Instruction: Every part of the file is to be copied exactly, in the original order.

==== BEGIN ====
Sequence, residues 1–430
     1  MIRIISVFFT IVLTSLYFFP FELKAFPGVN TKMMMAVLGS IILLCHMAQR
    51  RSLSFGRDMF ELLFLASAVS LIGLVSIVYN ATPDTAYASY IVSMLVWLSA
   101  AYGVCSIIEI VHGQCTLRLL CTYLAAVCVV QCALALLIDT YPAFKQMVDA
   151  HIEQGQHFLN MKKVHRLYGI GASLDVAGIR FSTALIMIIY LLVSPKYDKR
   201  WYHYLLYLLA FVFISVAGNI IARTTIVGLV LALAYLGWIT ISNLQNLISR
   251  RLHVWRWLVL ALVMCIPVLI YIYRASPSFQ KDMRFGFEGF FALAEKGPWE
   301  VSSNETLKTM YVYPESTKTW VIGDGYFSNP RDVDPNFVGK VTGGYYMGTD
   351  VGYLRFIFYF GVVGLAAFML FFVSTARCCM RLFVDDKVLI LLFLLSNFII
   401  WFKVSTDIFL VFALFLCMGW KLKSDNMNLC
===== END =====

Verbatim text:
Sequence, residues 1–430
     1  MIRIISVFFT IVLTSLYFFP FELKAFPGVN TKMMMAVLGS IILLCHMAQR
    51  RSLSFGRDMF ELLFLASAVS LIGLVSIVYN ATPDTAYASY IVSMLVWLSA
   101  AYGVCSIIEI VHGQCTLRLL CTYLAAVCVV QCALALLIDT YPAFKQMVDA
   151  HIEQGQHFLN MKKVHRLYGI GASLDVAGIR FSTALIMIIY LLVSPKYDKR
   201  WYHYLLYLLA FVFISVAGNI IARTTIVGLV LALAYLGWIT ISNLQNLISR
   251  RLHVWRWLVL ALVMCIPVLI YIYRASPSFQ KDMRFGFEGF FALAEKGPWE
   301  VSSNETLKTM YVYPESTKTW VIGDGYFSNP RDVDPNFVGK VTGGYYMGTD
   351  VGYLRFIFYF GVVGLAAFML FFVSTARCCM RLFVDDKVLI LLFLLSNFII
   401  WFKVSTDIFL VFALFLCMGW KLKSDNMNLC